After less than two years on the Plymouth register, in the summer of 1931 there was a report of the Edgar being brought back to Mousehole.
MOUNT’S BAY FISHERY: The majority of crews engaged in the Mount’s Bay drift pilchard fishery are, to date, very little better off than before the season commenced. On the other hand some of the first-class long-liners have secured fair quantities of best kinds, which during recent weeks have realised enhanced prices. Most of these craft will continue working lines in preference to drift gear for the next month or so. Some of the smaller motor boat having been found inadequate for the latter branch of the fishery, owing to the great distance to be traversed to the deep grounds, have been replaced with larger vessels. In the past few days the fleet has been augmented by the arrival of the first-class boat Edgar, recently purchased by Mr. E. Madron at Plymouth, and the even larger Our Katie, which was purchased at Newlyn on Saturday, by Messrs. Rd. and Vivian Johns. [*]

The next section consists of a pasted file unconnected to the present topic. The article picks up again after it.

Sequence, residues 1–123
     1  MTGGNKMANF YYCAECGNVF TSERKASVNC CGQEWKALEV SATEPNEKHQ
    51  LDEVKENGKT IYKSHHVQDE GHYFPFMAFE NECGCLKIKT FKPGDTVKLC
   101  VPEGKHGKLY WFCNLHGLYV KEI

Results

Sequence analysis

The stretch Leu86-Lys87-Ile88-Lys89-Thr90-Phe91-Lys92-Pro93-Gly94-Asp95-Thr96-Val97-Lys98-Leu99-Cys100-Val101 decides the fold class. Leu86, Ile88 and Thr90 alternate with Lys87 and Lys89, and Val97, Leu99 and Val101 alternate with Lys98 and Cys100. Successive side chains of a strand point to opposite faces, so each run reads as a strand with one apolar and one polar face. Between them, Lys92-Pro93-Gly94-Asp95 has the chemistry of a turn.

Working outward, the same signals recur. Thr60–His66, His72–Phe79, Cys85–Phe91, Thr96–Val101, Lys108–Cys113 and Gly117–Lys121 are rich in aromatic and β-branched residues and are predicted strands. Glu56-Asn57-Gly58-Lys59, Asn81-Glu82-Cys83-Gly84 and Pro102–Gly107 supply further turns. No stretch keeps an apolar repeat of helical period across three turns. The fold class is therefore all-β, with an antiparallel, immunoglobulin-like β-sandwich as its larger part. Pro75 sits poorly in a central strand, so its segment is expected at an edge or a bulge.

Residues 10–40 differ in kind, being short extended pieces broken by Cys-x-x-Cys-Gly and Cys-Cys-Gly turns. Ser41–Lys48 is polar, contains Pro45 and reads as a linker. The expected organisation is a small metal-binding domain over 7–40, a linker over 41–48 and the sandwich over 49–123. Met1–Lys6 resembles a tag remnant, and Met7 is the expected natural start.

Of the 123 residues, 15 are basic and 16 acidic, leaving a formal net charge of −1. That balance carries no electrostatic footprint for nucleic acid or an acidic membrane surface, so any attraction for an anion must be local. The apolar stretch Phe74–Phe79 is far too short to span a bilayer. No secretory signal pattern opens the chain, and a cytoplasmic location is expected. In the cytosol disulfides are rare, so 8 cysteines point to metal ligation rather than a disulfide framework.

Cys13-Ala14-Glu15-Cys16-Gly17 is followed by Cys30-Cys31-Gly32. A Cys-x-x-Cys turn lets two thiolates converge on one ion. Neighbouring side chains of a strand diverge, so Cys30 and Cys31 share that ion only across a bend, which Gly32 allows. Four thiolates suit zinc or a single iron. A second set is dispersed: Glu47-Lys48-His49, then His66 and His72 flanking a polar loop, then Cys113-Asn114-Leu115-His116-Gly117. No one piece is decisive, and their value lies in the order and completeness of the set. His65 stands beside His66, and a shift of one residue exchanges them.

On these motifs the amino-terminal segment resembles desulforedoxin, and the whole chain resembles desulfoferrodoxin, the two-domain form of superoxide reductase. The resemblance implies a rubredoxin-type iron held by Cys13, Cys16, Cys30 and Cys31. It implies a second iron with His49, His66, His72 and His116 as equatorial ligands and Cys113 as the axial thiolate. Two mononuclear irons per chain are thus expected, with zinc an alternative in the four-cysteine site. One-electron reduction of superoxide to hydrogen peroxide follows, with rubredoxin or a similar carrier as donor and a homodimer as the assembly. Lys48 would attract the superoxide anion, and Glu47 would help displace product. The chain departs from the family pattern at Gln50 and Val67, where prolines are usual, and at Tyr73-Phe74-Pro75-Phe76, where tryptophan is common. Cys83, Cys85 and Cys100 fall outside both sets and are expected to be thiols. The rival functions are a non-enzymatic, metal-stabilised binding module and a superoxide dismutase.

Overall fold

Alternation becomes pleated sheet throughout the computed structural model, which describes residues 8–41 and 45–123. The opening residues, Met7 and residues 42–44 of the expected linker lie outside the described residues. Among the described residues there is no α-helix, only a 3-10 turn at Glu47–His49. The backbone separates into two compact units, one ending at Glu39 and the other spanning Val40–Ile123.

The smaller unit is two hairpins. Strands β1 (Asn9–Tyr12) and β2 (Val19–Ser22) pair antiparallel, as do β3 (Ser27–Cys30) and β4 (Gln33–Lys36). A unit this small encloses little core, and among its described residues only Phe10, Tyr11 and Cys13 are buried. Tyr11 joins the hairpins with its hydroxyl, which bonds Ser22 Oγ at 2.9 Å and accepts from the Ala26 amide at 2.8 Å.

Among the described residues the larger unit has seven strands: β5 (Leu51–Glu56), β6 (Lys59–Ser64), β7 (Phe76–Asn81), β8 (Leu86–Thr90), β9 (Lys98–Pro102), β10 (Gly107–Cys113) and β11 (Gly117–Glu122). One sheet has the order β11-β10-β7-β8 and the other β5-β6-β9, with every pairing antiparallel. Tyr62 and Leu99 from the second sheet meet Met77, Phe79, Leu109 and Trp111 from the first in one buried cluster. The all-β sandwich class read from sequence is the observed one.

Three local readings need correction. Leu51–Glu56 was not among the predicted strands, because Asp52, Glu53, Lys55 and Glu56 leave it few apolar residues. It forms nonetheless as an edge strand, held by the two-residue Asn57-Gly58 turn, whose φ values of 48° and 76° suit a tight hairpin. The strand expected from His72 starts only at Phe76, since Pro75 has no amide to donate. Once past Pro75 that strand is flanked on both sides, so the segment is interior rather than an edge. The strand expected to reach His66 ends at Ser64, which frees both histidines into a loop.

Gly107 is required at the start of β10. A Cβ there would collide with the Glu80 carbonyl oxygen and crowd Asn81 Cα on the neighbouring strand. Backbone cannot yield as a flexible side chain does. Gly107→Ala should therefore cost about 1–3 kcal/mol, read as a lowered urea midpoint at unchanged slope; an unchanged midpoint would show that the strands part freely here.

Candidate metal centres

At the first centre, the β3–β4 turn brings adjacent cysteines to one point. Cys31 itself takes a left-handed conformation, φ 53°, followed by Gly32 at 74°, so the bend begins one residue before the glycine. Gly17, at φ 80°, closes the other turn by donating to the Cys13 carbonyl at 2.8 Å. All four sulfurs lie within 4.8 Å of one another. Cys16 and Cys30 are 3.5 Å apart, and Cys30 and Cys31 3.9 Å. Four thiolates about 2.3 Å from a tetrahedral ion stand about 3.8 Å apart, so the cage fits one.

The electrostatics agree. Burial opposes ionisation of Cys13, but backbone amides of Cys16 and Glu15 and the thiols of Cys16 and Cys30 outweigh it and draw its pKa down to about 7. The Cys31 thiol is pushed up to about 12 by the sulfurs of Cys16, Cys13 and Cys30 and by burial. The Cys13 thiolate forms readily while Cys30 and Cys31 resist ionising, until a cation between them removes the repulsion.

On acquisition by Edwin Madron, the Edgar was re-named Renovelle, and was allocated the fishing number PZ.107, and her story is continued under that name.
Work in progress: Commenced March 2012; amended 17 June 2019; & 29th April 2020.